by Father Gabe Costa

In 1944 a researcher by the name of Ted Oliver self published a booklet titled King’s of the Mound: A Pitcher’s Rating Manual. In this work, he presented a “weighted” rating system which we will call the Weighted Pitcher’s Rating (WPR).  It can be used to determine a starting pitcher’s value to his team for a particular season. Oliver defined this metric as:

equation1 Weighing In On Weighted Pitchers Rating

Before illustrating this formula with examples, it might be well to discuss several aspects of this measure.

First off, we observe that the more decisions a pitcher has, the more impact (or “weight”) he will have on his team.

Secondly, the impact can be negative; if the team has a better winner percentage without counting the pitcher’s Wins and Losses, they would be better off without him. It follows that the more negative a WPR is, the more detrimental is his effect on his team.

A WPR score of 0 means that the team wasn’t effected positively or negatively by that pitcher during the season in question.

So, let’s apply this measure. In 1972, Hall of Famer Steve Carlton won 27 games out of 37 decisions for the Philadelphia Phillies, a team that logged a 59-97 record. What was Carlton’s WPR?

From this we see that, for Carlton in 1972,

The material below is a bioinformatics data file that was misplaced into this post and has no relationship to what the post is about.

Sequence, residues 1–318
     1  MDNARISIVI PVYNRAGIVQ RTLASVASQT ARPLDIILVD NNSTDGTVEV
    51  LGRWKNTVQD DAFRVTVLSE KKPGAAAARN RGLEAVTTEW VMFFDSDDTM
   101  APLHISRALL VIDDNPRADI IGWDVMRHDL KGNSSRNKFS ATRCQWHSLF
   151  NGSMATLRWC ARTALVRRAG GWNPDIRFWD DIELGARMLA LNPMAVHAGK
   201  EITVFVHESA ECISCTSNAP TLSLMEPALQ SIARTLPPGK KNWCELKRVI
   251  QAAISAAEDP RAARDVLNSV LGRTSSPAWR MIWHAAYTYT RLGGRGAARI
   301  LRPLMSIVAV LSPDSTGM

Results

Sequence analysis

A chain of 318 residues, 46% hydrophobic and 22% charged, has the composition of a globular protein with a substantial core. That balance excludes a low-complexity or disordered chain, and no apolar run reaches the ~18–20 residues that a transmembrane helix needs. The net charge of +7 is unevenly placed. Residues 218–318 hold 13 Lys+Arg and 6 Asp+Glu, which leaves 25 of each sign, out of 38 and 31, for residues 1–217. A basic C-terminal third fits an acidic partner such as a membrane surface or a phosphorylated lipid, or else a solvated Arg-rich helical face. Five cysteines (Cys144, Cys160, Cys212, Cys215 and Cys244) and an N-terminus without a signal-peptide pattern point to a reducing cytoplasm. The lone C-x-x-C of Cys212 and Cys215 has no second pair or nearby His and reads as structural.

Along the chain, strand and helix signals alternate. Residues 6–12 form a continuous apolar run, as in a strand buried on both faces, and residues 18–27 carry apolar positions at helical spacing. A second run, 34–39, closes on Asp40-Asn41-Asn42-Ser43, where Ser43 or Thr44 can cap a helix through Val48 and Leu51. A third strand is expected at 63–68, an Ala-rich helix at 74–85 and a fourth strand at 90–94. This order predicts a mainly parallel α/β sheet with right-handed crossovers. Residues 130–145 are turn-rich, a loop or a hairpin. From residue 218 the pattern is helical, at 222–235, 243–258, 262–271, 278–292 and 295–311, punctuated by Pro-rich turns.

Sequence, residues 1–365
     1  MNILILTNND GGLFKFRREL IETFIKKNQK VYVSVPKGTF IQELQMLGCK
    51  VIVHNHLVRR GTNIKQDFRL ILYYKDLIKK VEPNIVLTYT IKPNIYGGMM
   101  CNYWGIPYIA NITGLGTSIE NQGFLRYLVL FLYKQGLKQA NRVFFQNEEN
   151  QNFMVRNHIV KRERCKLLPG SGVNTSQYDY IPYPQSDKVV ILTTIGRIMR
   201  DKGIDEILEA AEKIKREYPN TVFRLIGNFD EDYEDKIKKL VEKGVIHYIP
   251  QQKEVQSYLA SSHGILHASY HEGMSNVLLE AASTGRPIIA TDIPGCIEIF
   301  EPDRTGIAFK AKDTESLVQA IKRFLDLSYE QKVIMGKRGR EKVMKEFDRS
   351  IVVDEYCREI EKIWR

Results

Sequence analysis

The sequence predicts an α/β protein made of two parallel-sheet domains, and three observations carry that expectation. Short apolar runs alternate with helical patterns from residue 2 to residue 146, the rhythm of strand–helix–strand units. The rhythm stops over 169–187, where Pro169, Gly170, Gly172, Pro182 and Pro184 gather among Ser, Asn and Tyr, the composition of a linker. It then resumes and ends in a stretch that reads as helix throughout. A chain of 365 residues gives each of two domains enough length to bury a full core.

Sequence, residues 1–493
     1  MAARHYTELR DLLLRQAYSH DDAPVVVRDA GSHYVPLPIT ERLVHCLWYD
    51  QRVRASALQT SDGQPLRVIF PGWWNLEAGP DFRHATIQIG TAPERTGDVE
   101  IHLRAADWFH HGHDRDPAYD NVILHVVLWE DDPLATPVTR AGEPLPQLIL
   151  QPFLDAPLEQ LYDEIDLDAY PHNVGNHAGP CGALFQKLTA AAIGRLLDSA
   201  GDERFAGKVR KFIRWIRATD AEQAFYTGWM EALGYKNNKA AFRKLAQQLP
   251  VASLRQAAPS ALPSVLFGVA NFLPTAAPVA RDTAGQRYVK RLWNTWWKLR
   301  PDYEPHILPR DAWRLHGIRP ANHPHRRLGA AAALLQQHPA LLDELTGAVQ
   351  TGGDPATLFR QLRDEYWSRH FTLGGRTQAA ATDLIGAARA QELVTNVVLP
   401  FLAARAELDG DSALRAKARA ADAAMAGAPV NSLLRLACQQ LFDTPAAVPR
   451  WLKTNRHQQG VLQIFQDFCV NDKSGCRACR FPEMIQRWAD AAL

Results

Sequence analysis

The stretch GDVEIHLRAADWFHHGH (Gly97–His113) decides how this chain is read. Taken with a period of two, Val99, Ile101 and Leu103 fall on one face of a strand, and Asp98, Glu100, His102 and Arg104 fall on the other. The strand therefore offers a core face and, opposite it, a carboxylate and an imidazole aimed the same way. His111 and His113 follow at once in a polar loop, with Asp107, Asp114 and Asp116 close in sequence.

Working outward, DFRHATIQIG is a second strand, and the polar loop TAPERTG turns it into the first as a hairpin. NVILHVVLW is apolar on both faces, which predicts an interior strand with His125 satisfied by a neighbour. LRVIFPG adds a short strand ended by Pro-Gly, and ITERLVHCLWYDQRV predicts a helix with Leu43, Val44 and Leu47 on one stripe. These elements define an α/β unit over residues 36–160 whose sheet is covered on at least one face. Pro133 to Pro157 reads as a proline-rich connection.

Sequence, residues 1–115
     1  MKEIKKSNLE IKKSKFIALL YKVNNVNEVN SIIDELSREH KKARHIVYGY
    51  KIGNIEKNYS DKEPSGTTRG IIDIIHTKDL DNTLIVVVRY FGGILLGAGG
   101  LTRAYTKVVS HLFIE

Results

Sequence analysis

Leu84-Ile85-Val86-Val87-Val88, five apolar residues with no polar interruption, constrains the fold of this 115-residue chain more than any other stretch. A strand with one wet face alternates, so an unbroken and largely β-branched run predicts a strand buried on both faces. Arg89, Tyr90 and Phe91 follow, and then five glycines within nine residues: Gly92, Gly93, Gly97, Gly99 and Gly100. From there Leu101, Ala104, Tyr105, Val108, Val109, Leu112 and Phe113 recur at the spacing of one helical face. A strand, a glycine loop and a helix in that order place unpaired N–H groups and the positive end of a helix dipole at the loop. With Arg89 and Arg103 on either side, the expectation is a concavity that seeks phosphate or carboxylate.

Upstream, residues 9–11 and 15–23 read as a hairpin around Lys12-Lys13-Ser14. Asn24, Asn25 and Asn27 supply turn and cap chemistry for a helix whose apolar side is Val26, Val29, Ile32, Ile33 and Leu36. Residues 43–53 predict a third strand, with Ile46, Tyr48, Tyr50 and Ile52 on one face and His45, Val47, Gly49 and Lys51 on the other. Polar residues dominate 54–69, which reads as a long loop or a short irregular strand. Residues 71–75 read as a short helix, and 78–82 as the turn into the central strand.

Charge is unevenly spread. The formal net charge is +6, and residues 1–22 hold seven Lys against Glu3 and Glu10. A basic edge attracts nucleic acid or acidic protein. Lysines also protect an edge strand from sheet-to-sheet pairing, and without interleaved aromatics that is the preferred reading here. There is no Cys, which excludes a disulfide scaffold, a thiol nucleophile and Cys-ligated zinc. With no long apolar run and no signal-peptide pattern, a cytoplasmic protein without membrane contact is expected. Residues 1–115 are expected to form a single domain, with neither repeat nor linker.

equation2 Weighing In On Weighted Pitchers Rating

Substituting these values into our formula, we have

So, how good was Carlton in 1972 and what does this number mean? Well, the only way we can try to answer these questions is by comparison to other pitchers. For example, in 1904, Happy Jack Chesbro of the New York Highlanders (later to become the Yankees) set the modern record for victories with 41, while losing a dozen games. The Highlanders went 92-59 that year. That gave Chesbro a WPR value of 13.418.

Nine years later, Walter Johnson, of Washington Senators, had a 36-7 record for a team which went 90-64. This gave Johnson a WPR score of 15.081.

Some other “interesting” WPR scores are given below:

1934 St Louis Cardinals Dizzy       Dean 30-7 95-58 9.267
1935 Boston Braves Fred Frankhouse 11-15 38-115 5.472
1945 Detroit  Tigers Hal Newhouser 25-9 88-65 7.000
1961 New York Yankees Whitey     Ford 25-4 109-53 6.684
1962 New York Mets Jay           Hook 8-19 40-120 1.504
1963 Los Angeles Dodgers Sandy   Koufax 25-5 99-63 8.183
1968 Detroit  Tigers Denny McLain 31-6 103-59 9.688
1978 New York Yankees Ron       Guidry 25-3 100-63 9.444

By the way, several days ago, the Colorado Rockies were 58-54, while their star hurler, Ubaldo Jimenez was 17-3. That translated to a WPR score of 8.087.

Two parting questions:

  1. Has any pitcher ever had a higher WPR than Carlton’s 1972 score?
  2. Can we come up with a similar instrument to rate Relief Pitchers?

Next Blog: A forgotten season: Lou Gehrig in 1927

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